Mobile phones are amazing devices – they bring the world to our fingertips. And social media is great for keeping up with what our friends and colleagues are up to. But we’ve all seen situations where the phone has meant lost human interaction; a couple sitting across from each other in a restaurant, barely exchanging a word or a glance as they stare at their phones. A parent ignoring the arm tug from a toddler as their need for attention goes unmet while daddy checks the football scores or mummy scrolls through her Facebook feed.
Attention is a fundamental need for humans. We are social creatures and thrive on being noticed. And the need for attention starts on day one. No other creature on earth is born as helpless as a human baby. An elephant can walk before its first meal, a gazelle can run with the herd the day after it’s born. We’re born “unfinished” for a very good reason. Evolution has meant that humans need to be born at the stage we are, because our heads would be simply too large otherwise. So it’s vital we get the full attention of those who will look after us, or we simply die.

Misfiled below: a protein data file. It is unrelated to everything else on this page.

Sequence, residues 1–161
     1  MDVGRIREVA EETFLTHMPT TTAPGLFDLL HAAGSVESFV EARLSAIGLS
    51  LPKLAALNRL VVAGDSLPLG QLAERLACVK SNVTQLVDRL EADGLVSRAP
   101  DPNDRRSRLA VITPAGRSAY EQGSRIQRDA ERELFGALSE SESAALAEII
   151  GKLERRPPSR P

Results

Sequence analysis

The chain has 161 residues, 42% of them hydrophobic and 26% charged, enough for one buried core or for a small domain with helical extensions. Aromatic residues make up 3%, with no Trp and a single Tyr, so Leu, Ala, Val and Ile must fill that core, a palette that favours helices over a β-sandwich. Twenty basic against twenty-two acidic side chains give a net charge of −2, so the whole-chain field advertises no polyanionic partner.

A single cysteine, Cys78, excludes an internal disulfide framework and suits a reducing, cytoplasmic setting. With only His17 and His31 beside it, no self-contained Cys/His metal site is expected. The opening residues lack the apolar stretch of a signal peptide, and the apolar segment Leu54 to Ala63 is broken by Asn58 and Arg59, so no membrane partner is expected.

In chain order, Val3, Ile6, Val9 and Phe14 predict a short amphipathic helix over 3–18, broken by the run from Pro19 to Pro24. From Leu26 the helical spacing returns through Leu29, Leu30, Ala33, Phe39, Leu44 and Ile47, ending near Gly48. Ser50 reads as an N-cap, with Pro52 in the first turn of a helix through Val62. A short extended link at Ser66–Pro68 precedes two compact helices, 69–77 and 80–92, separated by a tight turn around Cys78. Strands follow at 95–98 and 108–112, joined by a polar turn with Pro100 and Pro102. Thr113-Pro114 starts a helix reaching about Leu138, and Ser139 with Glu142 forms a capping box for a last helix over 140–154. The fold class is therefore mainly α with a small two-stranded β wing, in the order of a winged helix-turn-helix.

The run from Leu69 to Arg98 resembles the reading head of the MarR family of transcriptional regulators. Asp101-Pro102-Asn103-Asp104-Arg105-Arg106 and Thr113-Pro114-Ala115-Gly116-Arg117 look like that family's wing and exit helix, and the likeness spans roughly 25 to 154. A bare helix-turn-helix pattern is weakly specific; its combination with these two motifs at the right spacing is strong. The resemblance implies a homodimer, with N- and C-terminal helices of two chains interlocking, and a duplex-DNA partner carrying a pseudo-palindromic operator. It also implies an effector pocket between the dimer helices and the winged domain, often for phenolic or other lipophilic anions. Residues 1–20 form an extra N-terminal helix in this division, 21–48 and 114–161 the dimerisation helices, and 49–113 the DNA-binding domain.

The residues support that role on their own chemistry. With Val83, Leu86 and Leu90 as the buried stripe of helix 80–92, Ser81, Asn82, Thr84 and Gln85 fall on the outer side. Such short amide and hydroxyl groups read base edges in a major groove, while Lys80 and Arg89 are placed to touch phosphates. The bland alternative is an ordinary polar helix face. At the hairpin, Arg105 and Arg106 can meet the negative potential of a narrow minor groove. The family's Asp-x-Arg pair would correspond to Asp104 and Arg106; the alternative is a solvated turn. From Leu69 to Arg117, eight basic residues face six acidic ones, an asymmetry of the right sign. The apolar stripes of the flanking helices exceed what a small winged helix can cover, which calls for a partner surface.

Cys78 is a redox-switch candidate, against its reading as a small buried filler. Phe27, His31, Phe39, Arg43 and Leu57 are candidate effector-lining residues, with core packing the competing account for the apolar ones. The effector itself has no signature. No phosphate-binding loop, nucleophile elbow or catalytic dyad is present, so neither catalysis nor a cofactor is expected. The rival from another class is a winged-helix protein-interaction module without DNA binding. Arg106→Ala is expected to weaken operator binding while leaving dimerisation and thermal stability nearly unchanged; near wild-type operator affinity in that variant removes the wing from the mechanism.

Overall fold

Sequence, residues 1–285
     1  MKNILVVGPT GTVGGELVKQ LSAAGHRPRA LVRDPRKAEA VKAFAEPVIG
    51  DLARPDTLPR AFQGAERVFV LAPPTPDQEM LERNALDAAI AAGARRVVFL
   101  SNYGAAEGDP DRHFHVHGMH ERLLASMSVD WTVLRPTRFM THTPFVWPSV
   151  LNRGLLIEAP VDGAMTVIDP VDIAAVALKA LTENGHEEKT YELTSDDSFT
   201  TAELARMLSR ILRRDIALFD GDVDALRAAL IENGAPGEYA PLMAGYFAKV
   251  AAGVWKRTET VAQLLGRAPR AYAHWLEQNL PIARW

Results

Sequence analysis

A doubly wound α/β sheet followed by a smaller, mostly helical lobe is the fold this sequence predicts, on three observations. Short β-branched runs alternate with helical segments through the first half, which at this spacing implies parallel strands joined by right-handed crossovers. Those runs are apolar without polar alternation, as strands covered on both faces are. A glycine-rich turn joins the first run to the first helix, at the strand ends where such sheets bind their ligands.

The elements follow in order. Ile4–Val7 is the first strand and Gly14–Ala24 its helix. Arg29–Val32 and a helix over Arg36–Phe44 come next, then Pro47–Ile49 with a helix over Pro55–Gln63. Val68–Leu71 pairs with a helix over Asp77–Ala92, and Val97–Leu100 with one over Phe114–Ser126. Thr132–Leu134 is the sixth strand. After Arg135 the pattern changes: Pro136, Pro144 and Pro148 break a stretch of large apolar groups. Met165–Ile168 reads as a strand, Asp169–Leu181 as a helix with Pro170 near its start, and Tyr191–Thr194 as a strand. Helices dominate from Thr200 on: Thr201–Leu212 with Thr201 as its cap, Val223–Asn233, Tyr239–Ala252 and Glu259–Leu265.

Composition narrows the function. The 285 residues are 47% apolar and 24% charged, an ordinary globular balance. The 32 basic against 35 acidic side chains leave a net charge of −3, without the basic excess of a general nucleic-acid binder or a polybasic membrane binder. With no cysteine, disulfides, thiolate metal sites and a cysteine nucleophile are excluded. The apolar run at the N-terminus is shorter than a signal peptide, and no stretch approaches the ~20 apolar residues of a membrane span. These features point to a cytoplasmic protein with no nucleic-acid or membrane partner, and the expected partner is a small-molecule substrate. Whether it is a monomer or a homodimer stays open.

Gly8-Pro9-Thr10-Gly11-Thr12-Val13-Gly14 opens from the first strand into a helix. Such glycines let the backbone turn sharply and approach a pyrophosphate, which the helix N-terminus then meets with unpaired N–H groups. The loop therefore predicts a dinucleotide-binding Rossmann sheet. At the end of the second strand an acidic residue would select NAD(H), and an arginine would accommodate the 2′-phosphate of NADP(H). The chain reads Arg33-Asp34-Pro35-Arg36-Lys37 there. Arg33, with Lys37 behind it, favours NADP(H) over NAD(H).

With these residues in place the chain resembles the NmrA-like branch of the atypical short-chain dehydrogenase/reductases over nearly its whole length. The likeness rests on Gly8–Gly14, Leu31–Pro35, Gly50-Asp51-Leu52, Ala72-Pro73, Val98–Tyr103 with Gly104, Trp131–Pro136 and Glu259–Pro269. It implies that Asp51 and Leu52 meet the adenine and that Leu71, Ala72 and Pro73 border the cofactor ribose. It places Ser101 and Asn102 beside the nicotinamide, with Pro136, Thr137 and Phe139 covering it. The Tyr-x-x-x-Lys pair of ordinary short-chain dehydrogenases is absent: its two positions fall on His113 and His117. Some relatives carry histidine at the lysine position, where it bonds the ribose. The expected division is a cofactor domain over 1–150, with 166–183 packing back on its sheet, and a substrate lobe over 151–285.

Those early vulnerability circuits are still there when we’re adults. Whenever we feel ignored, stress hormones such as cortisol surge through our system. When we get attention, “happy” chemicals like serotonin flow. This applies to other primates too. Researchers have found that chimpanzees will actually exchange food for the chance to look at photos of the alpha male in their group.
To a certain extent, social media interaction can act as a substitute to direct human interaction. We all feel a little better when our post is “liked” or shared. But there can be a downside. For example, internet trolls do what they do because any kind of attention, even negative, is better than being ignored.
And does an electronic “thumbs up” really fill you with the same sense of joy and wellbeing as a good natter with an old friend? I think we know the answer to that.